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Innovator's Showcase: the Disrupt 8

The Disrupt 8 are a group of early stage (that is, pre-B-round) startups, all of whom show considerable promise of introducing disruptive innovation to the cybersecurity sector. On May 1st each of the companies received eight minutes to present a problem and explain the solution they offered. Seven of the presentations are described briefly below. (The eighth was off the record.)

ENVEIL: homomorphic encryption for data in use.

ENVEIL, represented by CEO Ellison Anne Williams, holds that securing data-in-use represents the last gap in data security. Williams explained that two of pillars of the "data security triad," data-at-rest and data-in-transit, are well-understood and can be addressed by readily available commodity solutions. Data-in-use, however, remain poorly understood, and has hitherto not been addressed. ENVEIL has developed a solution, however, whose core technologies are homomorphic encryption, secure enclaves, and secure multi-party computation. ENVEIL is based in Fulton, Maryland. Its founders are US Intelligence Community alumni; its core technology has its roots in NSA.

Source Defense: defense against formjacking.

Represented by CEO Hadar Blutrich, Source Defense extends website security to the client side. The company works against website compromise by preventing formjacking. The company's solution both prevents attacks and alerts the enterprise of attempted attacks in real time. Blutrich stressed that the solution stays aligned with the customer's business objectives, and that it's effective against breaches that originate with third-parties. Source Defense has created virtual pages, essentially real-time sandboxes that isolate scripts. The company maintains offices in Stamford, Connecticut, and Beer-Sheva and Rosh-ha’ayin, Israel.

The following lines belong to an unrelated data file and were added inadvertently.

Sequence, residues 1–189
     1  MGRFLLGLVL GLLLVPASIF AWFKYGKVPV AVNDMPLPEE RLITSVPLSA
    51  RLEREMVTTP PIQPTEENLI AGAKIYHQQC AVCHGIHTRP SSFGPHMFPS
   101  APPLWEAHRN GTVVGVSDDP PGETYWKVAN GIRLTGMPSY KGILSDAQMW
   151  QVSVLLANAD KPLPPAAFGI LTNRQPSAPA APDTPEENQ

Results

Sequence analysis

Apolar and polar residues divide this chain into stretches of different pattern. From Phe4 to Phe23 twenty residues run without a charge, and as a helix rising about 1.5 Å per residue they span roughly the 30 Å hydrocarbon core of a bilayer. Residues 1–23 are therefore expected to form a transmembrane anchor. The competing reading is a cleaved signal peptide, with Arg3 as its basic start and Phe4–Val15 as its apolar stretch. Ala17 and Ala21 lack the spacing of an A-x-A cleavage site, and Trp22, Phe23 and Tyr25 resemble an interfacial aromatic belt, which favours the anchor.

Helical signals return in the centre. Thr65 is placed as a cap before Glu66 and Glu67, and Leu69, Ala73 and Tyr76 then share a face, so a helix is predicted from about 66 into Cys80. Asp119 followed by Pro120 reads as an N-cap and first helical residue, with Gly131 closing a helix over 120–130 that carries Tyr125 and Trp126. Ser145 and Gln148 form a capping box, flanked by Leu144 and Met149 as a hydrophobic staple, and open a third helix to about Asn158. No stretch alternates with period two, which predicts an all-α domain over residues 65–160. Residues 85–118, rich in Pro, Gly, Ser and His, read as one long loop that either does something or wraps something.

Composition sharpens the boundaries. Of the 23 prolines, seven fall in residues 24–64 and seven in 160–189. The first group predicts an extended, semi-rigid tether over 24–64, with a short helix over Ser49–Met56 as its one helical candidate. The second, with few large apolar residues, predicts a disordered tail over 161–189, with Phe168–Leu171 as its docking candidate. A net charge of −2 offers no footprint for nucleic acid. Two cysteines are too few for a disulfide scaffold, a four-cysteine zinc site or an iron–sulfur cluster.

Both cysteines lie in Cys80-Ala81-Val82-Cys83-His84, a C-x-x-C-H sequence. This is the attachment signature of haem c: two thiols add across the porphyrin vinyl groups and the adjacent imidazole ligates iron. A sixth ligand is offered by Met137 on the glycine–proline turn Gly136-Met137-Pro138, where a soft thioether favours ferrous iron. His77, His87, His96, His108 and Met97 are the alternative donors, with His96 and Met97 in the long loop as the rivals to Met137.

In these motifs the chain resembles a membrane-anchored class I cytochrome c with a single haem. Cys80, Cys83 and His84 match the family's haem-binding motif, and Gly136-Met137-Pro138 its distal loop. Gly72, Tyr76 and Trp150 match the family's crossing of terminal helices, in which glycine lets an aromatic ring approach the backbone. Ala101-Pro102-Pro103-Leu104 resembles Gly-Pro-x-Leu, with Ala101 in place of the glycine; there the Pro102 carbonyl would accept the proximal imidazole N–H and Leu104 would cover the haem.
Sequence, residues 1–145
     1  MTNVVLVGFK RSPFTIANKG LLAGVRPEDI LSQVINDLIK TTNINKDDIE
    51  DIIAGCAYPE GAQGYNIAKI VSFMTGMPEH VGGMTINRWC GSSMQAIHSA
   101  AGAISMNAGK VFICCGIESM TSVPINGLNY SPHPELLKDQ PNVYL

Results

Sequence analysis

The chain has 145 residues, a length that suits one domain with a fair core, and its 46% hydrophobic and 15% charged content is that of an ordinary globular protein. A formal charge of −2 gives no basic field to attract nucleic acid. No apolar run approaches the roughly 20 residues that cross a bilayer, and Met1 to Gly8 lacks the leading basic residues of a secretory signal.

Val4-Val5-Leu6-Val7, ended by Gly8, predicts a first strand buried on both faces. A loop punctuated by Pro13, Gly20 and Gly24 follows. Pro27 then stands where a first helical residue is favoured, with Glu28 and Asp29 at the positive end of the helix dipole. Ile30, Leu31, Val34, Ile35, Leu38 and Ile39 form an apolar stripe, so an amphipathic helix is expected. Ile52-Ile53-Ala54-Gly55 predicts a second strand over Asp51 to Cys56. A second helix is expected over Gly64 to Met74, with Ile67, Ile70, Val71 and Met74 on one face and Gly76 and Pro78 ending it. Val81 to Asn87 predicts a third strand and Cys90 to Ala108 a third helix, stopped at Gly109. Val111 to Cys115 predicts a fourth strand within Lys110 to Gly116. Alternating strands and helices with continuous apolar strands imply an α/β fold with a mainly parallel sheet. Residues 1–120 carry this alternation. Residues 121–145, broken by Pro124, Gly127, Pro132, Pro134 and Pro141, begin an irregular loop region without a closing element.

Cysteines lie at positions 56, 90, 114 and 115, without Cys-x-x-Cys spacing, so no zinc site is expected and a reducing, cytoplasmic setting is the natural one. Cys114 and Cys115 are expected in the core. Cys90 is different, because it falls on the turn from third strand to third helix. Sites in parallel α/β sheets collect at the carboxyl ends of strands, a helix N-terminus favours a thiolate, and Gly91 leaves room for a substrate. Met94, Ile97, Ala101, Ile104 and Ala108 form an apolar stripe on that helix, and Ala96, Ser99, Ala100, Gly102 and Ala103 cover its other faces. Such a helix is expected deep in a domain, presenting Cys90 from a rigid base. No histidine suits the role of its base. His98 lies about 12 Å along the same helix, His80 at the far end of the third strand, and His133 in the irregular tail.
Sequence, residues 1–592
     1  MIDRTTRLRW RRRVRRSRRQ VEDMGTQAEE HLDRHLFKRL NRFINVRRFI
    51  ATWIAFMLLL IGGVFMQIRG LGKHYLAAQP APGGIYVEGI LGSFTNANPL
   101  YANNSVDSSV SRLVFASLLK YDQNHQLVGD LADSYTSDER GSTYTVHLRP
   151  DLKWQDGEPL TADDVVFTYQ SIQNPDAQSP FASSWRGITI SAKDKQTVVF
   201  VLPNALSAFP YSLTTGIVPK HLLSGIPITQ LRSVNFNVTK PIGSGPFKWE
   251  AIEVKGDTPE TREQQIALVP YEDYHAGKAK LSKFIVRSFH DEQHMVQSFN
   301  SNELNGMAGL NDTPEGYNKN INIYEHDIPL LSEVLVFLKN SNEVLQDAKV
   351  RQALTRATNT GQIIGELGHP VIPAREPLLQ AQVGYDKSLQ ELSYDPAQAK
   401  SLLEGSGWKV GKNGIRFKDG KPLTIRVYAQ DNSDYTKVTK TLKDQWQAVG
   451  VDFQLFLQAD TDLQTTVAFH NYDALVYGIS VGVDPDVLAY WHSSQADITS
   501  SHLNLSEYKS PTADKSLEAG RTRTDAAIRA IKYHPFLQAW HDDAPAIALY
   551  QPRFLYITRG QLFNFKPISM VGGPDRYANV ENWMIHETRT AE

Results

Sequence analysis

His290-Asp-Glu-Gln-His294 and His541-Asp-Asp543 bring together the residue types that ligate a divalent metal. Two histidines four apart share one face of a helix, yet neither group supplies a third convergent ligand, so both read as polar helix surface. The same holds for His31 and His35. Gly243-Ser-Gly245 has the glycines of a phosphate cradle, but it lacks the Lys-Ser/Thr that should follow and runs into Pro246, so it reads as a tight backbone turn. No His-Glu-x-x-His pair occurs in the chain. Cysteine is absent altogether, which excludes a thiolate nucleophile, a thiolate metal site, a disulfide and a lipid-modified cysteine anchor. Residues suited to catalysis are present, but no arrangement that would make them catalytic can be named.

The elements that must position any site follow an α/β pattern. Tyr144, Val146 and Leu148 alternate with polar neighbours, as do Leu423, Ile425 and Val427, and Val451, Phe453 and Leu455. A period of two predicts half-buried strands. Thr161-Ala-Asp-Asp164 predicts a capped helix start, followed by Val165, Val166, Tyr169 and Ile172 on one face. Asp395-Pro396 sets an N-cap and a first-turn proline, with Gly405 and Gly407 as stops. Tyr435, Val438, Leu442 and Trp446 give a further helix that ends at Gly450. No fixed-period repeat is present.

Prevailion: stopping third-party contagion.

Prevailion, represented by CEO Karim Hijazi, began by comparing compromise of third-party ecosystems to the outbreak of an epidemic. At present, Hijazi said, there's no high-fidelity visibility into the "compromise status" of trusted partners. Instead, current approaches tend to generate an overabundance of false positives. Prevailion's approach is to identify victimology at scale and deliver insight via an actionable interface and API. They focus on malicious signal, not noise, to enhance existing security investments and protocols. Infection via third-parties is, Hijazi argued, rampant, and coupling data about partner hygiene with active compromise status will limit contagion. The company is based in Houston, Texas.

Inrupt: pioneering the decentralized web.

CEO John Bruce represented Inrupt, whose open-source platform Solid offers to restore the Internet to its original, decentralized roots. Users have been conditioned, Bruce argued, to expect that they will give data to a service provider, who will then process it. Inrupt's alternative approach is to give each human being a unique identification and a personal online data store. Inrupt is headquartered in Boston, and has operations in Ireland, Norway, and the Netherlands.

Quantum Xchange: secure quantum key distribution made possible and practical.

CEO John Prisco presented the work of Quantum Xchange. The company sees itself as taking on the defensive possibilities of the impending revolution in quatntum computing. It creates, Prisco explained, a quantum key out of light, and has extended the range of quantum key distribution beyond 100 kilometers. Their first-of-a-kind quantum-secured network, Phio, enables secure key-sharing over a wide network. Quantum Xchange is based in Bethesda, Maryland.

Panaseer: a platform for Continuous Controls Monitoring.

Panaseer's CEO Nik Whitfield opened with a Nicholsonian question: "Can you handle the truth?" He argued that "there is no truth in our enterprises about our security posture." Panaseer addresses this problem with entity resolution that enables an enterprise to build and maintain a device inventory. The company is headquartered in London, with a significant presence in New York.

Immersive Labs: understanding risk through challenge-based learning.

Founder James Hadley spoke for Immersive Labs. The company offers an alternative to classroom-based training, whose deficiencies Hadley saw first-hand when he delivered GCHQ's cyber summer school. The legacy approaches to training are difficult to scale, cannot readily keep pace with organizational needs, and deliver outcomes that can be fatally difficult to measure. Immersive Labs' challenge-based approach to learning addresses these shortfalls in a way that enables them to identify and retain elusive cybersecurity talent. Immersive Labs is based in Bristol, England.